“Running an embassy – a foreign ambassador and their spouse – is a big responsibility. They have a premises, often a very elaborate premises, often a very old premises that needs a lot of care and maintenance. The ambassador and their spouse are often like janitors. The spouse gets no compensation for the work they do.”
It seems that while guests are in the drawing room up to their oxters in pyramids of chocolate bonbons, ambassadors’ significant others are up to their elbows in the scullery unblocking sinks.
They work with a canape in one hand and a mop in the other, apparently.
Foreign Affairs is no doddle. “The sort of sense that ambassadors are out there living a pampered lifestyle? Frankly, I could take it or leave it.”
Former ambassador Cooney wanted to stress that officials stationed abroad were not living the life of Reilly. It’s a tough job and often very disruptive on family life.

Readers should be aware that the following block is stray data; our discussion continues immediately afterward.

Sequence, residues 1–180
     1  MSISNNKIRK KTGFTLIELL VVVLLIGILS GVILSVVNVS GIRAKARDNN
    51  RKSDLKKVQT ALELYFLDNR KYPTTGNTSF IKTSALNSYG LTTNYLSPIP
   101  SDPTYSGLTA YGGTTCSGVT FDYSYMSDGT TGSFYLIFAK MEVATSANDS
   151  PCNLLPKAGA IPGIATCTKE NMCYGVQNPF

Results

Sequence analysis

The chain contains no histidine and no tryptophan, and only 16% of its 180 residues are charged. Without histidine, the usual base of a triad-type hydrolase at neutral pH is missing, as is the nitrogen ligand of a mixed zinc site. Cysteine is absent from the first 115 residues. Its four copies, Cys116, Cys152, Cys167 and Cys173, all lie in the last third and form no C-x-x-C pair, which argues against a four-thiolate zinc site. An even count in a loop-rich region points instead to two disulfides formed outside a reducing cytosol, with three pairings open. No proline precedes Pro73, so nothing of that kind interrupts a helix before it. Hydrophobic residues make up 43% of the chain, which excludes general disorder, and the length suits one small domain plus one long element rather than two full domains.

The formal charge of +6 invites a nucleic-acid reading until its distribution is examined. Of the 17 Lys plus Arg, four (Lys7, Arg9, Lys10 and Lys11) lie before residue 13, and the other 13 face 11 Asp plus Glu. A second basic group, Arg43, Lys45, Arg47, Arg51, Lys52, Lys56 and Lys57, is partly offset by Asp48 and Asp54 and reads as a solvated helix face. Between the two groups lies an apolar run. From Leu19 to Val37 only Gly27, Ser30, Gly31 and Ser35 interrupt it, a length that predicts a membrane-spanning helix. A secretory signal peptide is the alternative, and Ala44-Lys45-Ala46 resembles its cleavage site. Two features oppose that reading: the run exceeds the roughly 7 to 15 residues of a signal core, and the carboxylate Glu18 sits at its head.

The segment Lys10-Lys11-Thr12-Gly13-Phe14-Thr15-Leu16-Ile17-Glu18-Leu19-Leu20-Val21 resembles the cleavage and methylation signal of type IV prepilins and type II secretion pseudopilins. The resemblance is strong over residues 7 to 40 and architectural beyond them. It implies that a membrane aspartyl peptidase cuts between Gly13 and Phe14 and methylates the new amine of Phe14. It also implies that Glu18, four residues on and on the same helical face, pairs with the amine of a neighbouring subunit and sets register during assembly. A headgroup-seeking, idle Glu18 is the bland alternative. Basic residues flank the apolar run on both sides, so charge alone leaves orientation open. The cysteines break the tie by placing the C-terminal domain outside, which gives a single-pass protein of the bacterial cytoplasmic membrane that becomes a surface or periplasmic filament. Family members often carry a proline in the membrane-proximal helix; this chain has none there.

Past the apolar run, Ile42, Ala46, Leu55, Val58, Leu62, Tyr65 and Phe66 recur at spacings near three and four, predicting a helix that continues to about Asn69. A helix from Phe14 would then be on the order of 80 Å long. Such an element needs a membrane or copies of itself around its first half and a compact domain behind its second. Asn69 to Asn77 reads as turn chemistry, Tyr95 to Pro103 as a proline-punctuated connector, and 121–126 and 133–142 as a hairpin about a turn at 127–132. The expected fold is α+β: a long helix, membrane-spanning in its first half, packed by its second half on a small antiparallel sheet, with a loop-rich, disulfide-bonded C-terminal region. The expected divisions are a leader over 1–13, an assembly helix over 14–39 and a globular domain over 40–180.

“It’s no picnic, believe me, having dinners and receptions. I’d rather be home on Saturday night with a beer watching Match of the Day than going out to some reception or dinner.”
Deputy Nolan was quite taken with one aspect of the job: “I think you may have got yourself an unwanted headline with the word ‘janitors’.”
Cooney wasn’t worried. “I am quite happy to put it up there in the headlines because people need to know what it is like.”
John McGuinness butted in: “The restaurant in London might be a better headline!”
“Well, you’ve dined there, Chairman!” retorted the witness.
“It’s a very good restaurant!” cried the chairman, with a hungry smile.
Then everyone went to lunch.
But not before the secretary general did a bit of light dusting around the committee room and fixed a leaky tap in the gents.